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The empty and silent Great American Ball Park is about to come back to life

Nearly a decade ago, just before Reds' Opening Day, my old friend Michael E. Keating and I put together this ode to Great American Ball Park, a dead place during the long, harsh winter, but one that comes to back to life on Opening Day, a Cincinnati holiday. I hope you enjoy.

In thinking about Great American Ball Park through the winter, photographer Michael E. Keating chose to make photographs in black and white, a classic look that conveys a mood.

The ballpark is literally a "see" of color, mostly red, but it's extremely important to remember that black and white can be just as subtle as color. It allowed Keating to establish a visual narrative to accompany the essay.

To convey the same mood of WVXU's Howard Wilkinson's essay, the use of black and white as a palette and a selective focus lens with little or no depth of field enhanced the graphic composition of the photographs.  

See his photos by clicking the gallery at the top.

Michael E. Keating is a veteran visual journalist who volunteered for this project. He's the author of Cincinnati Shadow & Light, available at local bookstores and online at Amazon. All proceeds from the book go to the Clyde N. Day Foundation in Newport, Ky.  

Howard Wilkinson's video narration:

For someone who loves the game of baseball, there is no sight quite as sad as a ballpark in winter.

Once the last pitch of the last game of last season is thrown, Great American Ball Park sits in utter isolation, through the fall and into the harsh, brutal months of winter, waiting for the resurrection that will surely come each spring.

Outside the ballpark, on the now-thawing but often snow-covered grass of Crosley Terrace, are the bronze statues of four Crosley Field immortals — Ted Kluszewski, Ernie Lombardi, Frank Robinson and Joe Nuxhall — standing silently at their positions.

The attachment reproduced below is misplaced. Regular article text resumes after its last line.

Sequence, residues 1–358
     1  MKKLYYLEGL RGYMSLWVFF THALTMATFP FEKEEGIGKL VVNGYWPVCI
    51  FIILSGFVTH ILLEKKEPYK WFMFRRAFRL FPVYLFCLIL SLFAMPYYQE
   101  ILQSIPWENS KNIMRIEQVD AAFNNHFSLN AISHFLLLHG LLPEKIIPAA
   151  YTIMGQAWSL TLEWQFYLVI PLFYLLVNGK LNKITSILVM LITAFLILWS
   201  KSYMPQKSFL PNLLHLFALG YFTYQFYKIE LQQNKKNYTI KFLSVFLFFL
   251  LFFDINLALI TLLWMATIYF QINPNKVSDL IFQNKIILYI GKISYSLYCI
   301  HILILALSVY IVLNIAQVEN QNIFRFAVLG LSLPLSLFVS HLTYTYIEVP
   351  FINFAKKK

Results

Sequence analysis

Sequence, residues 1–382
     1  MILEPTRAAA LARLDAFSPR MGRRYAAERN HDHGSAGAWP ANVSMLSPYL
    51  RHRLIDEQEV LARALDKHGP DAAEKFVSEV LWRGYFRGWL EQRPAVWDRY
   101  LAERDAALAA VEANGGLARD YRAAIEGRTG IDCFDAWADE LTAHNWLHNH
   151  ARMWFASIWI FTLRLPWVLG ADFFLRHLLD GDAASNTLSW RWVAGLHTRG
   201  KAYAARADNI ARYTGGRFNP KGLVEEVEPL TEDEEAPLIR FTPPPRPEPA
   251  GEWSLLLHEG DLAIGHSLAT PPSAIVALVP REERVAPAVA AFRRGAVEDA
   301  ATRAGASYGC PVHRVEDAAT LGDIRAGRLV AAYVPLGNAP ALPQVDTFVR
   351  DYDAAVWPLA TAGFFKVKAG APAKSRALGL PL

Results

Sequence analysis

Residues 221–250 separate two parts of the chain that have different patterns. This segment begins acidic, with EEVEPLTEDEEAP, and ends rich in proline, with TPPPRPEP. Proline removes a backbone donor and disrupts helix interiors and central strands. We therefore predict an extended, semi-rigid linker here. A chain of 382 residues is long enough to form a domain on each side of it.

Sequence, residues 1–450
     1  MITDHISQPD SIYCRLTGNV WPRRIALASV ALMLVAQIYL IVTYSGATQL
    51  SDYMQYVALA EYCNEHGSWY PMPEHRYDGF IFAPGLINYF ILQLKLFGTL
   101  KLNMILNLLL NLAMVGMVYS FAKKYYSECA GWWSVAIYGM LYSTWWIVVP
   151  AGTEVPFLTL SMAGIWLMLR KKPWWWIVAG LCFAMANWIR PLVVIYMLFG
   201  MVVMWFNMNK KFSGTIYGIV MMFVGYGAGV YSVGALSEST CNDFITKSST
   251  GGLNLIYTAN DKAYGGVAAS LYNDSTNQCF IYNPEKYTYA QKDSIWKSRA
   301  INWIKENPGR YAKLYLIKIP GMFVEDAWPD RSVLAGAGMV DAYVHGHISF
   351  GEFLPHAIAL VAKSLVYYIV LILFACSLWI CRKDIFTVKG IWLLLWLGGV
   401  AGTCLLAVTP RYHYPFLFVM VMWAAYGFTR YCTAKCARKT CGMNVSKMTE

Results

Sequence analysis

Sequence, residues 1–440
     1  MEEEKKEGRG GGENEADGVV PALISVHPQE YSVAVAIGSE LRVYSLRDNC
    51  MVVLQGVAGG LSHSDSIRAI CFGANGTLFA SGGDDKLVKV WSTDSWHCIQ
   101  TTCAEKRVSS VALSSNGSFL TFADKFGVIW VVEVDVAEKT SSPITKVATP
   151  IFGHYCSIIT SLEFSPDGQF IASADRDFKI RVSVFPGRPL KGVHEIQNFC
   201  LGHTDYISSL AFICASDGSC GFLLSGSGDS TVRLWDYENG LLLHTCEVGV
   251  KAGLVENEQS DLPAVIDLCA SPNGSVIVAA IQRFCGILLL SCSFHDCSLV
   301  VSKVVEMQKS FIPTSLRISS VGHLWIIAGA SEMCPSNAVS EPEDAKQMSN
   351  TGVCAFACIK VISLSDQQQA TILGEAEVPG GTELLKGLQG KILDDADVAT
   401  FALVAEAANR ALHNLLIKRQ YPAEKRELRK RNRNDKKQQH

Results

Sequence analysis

In front of Crosley Terrace, the Joe Morgan statue is frozen mid-stride in a stolen base attempt. Around the corner, in front of the Hall of Fame and Museum, Johnny Bench's statue comes out of a crouch to throw yet another runner out at second base.

Soon, the crowds of fans dressed in Cincinnati Red will return again.

The children will climb on the statues to pose for photos – photos that they will treasure some day when they are old and gray.

But for now, one can only peer inside for a dim and distant glimpse at the field of play.

Once the gates swing open again, the crowds will fill the 42,271 seats that ring the diamond, from the high-priced seats behind home plate to the upper reaches of the outfield corners and the left-field bleachers.

From the white shroud covering the field to protect the grass underneath to the empty seats lined up like tombstones, it is a dead place without the cheering fans, the team, the barking vendors. 

All are empty now, looking out on a diamond where nothing is happening. No home run balls sailing into the right field seats; no dazzling double plays; no runners racing to stretch a single into a double.

But, soon, it will come back to life.

This is Cincinnati. The birthplace of professional baseball. Where the game and the team are ingrained deep in the soul of the city.  

It is a time of hope, of high expectations, of love for a game and a team.

It is a holiday. A celebration, in a living, breathing ballpark.

Updated: March 23, 2023 at 2:50 PM EDT
This article was first published March 25, 2014 and has been updated.
Howard Wilkinson is in his 50th year of covering politics on the local, state and national levels.